Through the actions and lifestyle of the characters, the reader observes the ways in which occidental culture acts as “a source of transformative (or modernizing) possibilities” for the ‘encountered’[4] nation (40). However, as formerly indicated, the movement towards “progress” in Half of a Yellow Sun becomes, ironically at times, a regressive move. Take, for instance, the civility of an individual which is not often determined by his/her disposition or actions but by his/her proximity to Europeans, ability to access Euro-based products and mimic European attitudes. This belief also fuels the assumption in the novel that the city typically represents a domain where progress (Euro-consumerism) is centered while the rural landscape, like African cultural traditions[5], is said to support a retrograde way of living. This is communicated within the affluent world of Nsukka when the reader witnesses Ugwu’s growth from unschooled houseboy to learnt boy with modern sensibilities.  Ugwu lived in a small village and on becoming the houseboy, his life of household appliances, “real meals” and “butter” becomes more desirable than what he had known. Thus, the meals that are eaten become symbols of the “innovative” which explains why Harrison (Richard’s cook) only wishes to make western foods, regarding Nigerian foods and herbs as either outdated or “devilish”.  When Ugwu and his guardian Odenigbo are forced to flee Nsukku and end up in Umuahia, Ugwu notes how the “ugly” “unpainted” compound is “unworthy of Master” (645). Adichie deconstructs these assumptions of forwardness and backwardness through “a specific spatialisation of narrative action…swinging between the village and the city” (Akpome, 10), revealing what each location lacks along with the symbiotic relevance of both spheres. She does so in particular with Olanna who reveals an underlying snobbishness in Umuahia when she becomes concerned with who were the “right kind” of people to hang around her child, Baby. She also notes how her aunt’s home is squalid and small compared to the ten rooms of her parent’s home. Yet, the long hallways could not remedy the artificiality of her parents’ relationship, hinting at how literal space or what I call postcolonial architecture can often suppress intimate, familial and communal space. Olanna and Odenigbo fail to fully recognize the usefulness of their culture, they do not consider that the present does not have to mean a rejection of the past. As Jay Ciaffa aptly declares, African beliefs characterized as ‘superstitious’ (witch) are “no more incompatible with scientific development, for instance, than religious beliefs (Saints) that were widely held in the West” at the onset of the modernized age (131). Olanna eventually senses this when she is forced to recognize the appeal of African cosmology, that is, the belief in reincarnation and signs when Kainene goes missing. Thus, Adichie launches Olanna from the periphery into the belly of the war so that the reader is able to learn the significance of the interconnected community and Nigerian convention. If the war had taken place in an impersonal city setting with houses “not so close” as in Umuahia, there probably would have been no character like Mrs. Muokela to guide Olanna or Okoromadu’s mother whose orality enables her son to recognize Olanna and give her dried egg yolks to save Baby’s life.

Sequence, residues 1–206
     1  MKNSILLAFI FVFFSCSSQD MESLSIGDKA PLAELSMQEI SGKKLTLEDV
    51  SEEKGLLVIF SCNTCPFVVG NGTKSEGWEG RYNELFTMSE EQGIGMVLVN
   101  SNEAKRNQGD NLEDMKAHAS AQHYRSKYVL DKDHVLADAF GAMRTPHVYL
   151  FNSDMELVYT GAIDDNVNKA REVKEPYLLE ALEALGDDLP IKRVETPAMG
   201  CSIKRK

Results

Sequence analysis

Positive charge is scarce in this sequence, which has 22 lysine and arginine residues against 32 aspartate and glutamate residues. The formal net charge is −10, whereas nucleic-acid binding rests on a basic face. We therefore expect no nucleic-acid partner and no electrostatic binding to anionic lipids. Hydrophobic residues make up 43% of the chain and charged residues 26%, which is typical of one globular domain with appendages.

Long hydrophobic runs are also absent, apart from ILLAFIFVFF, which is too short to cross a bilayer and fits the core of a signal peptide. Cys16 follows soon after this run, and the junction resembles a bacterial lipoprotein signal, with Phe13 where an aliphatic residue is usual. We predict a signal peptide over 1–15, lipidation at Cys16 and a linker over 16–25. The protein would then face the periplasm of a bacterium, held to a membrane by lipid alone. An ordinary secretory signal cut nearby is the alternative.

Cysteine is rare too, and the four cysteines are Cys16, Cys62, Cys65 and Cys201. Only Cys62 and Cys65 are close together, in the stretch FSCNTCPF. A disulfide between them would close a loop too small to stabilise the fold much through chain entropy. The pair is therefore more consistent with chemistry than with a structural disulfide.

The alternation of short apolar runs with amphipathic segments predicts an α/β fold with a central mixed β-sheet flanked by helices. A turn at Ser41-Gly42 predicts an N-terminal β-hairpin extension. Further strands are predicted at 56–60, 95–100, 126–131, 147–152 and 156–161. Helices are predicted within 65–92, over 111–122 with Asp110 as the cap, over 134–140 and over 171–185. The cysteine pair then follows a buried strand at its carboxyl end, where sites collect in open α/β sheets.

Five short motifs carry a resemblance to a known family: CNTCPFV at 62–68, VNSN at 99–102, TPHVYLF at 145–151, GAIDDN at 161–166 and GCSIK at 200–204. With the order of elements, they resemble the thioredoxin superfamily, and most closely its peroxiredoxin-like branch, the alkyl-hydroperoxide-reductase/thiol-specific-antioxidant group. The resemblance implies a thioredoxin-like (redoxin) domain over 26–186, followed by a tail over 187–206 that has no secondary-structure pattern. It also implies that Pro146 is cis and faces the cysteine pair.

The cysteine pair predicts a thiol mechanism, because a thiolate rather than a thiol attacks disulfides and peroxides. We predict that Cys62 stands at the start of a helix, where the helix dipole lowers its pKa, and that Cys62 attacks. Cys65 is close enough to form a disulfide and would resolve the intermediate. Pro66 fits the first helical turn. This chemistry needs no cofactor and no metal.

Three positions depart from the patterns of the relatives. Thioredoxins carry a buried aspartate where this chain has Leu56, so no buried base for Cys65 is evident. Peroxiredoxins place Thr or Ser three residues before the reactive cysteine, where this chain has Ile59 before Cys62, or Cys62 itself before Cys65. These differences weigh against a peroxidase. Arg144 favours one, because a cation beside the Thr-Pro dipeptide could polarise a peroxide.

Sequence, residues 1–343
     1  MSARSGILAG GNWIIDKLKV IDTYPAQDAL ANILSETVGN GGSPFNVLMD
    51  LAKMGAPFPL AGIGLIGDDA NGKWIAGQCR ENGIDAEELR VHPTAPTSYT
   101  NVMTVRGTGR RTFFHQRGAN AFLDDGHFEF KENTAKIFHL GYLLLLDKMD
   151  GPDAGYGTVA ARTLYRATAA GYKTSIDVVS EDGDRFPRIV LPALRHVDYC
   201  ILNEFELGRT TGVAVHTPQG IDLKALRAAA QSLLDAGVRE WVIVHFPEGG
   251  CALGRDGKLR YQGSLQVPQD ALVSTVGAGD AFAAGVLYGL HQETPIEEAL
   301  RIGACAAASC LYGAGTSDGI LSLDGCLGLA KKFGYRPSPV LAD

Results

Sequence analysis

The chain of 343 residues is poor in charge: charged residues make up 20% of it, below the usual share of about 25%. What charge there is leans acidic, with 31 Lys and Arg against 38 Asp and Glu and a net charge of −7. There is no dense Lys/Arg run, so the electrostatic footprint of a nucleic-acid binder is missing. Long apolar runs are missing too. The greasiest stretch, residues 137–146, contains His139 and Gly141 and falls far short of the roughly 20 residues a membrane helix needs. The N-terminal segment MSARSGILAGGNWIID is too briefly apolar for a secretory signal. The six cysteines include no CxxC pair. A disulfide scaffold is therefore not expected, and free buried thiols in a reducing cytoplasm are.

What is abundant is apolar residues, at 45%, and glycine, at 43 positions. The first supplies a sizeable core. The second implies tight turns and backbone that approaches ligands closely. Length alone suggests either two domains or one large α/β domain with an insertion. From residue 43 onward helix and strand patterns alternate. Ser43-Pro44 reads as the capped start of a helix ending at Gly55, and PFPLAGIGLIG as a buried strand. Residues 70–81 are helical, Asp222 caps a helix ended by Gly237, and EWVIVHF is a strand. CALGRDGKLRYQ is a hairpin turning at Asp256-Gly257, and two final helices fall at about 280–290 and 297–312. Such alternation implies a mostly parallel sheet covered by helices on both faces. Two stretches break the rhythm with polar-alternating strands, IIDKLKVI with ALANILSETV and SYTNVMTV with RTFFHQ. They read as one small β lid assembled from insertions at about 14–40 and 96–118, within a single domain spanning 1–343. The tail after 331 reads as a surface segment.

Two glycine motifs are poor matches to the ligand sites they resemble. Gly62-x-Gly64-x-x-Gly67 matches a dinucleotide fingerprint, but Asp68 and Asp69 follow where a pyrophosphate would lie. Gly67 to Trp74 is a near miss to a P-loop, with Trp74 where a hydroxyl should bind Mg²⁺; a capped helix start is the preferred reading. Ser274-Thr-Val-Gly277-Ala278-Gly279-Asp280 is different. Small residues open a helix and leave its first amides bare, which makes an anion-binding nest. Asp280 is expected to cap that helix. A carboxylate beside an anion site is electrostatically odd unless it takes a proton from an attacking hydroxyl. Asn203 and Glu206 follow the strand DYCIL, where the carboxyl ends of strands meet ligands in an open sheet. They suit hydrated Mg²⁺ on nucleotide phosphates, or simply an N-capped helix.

Apart from location, education and language become an indication of progress in the post-colonial society. The languages of the ethnic groups are displaced in the name of almighty English which is the standard against all other “tainted” languages. English, with its typifying tendencies, becomes a carrier of imperialist culture. Within the novel, characters who are able to speak English are met with better treatment, service, recognition and respect. As noted by Braj B. Kachru, “the alchemy of English (present and future), then, does not only provide social status, it also gives access to attitudinally and materially desirable domains of power and knowledge. It provides a powerful linguistic tool for manipulation and control” (295). Notice the way that Odenigbo constantly says “my good man” or “ignoramus” – how ironic that an anti-colonialist utilizes Edwardian language. Before his article is submitted to the Daily Times, Olanna has to “edit it and tone down his rhetoric, so that his argument…was clearer” (434). This speaks to what Chinweizu Madubuike expresses in his article “Towards the Decolonization of African Literature”: some African intellectuals do feel the need to place “sophisticated” works in the postcolonial space, yet, this “syntactic jugglery” of language denies the validity of the Nigerian culture and also causes Odenigbo to lead his readers into a “wilderness of insipidity” (2). His encrypted ideas should be easily accessible to the public in order to provoke extensive critical thinking. There is also the case of Odanna’s flat versus Ugwu’s “small bush”, the case of the firewood versus the kerosene stove. Ugwu’s home is debased, not so much by Olanna’s tone but by the words which have suggestive in them, the underdevelopment of a people.  Ngugi Thiong’O rightly states that “language carries culture, and culture carries, particularly through orature and literature, the entire body of values by which we come to perceive ourselves and our place in the world.” (290). It is important that Nigerians use English to empower themselves instead of becoming human bridges that convey race and class discrimination into the present.